On Friday I dashed off this tweet: PhD student just asked me which journals I read to stay up to date on health + tech. My answer: Twitter. It was classic RT bait and indeed it was echoed dozens of times by fellow Twitter geeks — more than any other tweet I’ve written. But I […]
NPR’s Morning Edition story, “Patients Turn to Online Buddies for Help Healing,” combined research and real-life examples, participatory medicine and health data rights. Much of what I said during my interview with Joseph Shapiro is based on what I’ve written and read here on e-patients.net, so, first, thank you. I’ve already started answering questions on […]
Federal agencies can, and should, be the first responders to health questions. Social media can help. That’s my summary of presentations from last week’s National Conference on Health Communication, Marketing and Media conference, where I had the sense, once again, of a tribal meeting, but this one had the urgency of war council. The enemy […]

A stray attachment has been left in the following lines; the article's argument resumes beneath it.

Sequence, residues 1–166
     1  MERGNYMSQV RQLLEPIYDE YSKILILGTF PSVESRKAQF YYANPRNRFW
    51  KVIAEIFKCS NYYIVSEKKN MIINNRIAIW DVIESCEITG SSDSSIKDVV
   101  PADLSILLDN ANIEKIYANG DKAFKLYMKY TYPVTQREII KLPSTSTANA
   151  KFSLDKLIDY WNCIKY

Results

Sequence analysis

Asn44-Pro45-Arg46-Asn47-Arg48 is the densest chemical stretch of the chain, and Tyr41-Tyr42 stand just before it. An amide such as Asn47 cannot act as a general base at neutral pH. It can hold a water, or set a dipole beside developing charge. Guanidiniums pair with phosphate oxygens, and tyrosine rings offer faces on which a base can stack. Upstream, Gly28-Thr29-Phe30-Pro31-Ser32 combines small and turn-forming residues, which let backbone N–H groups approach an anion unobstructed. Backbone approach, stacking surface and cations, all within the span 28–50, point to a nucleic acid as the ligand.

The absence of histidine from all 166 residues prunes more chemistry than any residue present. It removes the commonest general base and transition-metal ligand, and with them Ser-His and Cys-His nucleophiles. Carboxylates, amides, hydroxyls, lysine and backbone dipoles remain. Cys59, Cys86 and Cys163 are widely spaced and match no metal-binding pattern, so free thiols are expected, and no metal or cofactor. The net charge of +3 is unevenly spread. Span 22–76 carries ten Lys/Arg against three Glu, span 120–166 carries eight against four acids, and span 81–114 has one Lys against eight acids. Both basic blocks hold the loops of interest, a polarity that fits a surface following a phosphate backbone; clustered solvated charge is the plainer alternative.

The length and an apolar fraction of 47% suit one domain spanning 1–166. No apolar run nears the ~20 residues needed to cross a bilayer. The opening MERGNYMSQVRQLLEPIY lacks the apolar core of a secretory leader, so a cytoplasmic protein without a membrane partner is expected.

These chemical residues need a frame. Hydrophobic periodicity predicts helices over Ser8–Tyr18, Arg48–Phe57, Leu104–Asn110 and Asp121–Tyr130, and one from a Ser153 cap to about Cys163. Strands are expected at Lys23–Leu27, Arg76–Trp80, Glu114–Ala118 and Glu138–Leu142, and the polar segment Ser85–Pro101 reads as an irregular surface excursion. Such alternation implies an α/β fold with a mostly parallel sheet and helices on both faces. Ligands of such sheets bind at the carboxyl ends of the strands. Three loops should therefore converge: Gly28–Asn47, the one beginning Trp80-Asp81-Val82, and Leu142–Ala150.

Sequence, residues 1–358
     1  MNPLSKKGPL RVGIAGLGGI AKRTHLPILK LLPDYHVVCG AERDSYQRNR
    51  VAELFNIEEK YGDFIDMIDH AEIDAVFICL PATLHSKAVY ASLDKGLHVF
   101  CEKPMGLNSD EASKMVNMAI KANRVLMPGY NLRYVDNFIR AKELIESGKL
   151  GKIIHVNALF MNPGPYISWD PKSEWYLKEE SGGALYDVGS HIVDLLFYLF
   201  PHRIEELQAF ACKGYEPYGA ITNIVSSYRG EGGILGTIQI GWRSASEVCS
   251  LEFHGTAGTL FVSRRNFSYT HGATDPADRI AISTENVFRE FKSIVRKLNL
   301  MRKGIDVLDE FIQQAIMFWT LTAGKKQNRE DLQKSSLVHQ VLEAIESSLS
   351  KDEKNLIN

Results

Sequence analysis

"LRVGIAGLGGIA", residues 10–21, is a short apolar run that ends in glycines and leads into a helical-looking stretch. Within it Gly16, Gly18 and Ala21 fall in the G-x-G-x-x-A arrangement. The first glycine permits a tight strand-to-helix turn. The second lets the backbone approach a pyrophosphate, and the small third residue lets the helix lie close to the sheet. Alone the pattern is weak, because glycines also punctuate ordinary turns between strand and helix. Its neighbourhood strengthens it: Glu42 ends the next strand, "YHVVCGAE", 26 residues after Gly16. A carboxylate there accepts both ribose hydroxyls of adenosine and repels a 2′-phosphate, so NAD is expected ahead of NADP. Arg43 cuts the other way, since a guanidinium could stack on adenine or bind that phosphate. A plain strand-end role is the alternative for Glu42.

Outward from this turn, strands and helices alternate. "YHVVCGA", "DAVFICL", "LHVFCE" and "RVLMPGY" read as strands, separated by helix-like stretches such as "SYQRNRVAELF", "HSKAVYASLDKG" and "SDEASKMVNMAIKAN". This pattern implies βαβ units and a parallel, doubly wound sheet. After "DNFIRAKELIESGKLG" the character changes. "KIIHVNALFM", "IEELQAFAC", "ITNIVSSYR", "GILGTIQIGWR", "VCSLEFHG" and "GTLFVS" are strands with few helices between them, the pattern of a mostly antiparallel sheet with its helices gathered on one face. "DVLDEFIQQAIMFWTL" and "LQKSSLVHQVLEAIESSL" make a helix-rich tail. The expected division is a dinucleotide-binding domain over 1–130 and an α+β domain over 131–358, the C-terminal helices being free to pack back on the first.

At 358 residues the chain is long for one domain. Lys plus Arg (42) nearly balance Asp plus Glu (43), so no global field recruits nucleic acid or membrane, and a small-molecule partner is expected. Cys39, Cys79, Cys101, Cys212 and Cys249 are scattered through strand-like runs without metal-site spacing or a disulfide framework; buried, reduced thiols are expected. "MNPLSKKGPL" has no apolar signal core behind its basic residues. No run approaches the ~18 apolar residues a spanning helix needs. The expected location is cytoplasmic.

The National Institutes of Health hosted a Wikipedia Academy today to train scientists, communications staff, and other NIH staffers in how to contribute to what has become a top source for health information in the U.S. (For more details, please see the NIH press release, a Wikipedia project page, and a Wikimedia Blog post.) The […]
“Ask your patients what they use, what they want to use, and how you can be there for them.” — Ted Eytan‘s advice to IT-reluctant health professionals in a Twitterview with Diario Médico.
Here is a key line from the Pew Internet Project’s report on Twitter and status updating: Twitter users engage with news and own technology at the same rates as other internet users, but the ways in which they use the technology—to communicate, gather and share information—reveals their affinity for mobile, untethered and social opportunities for […]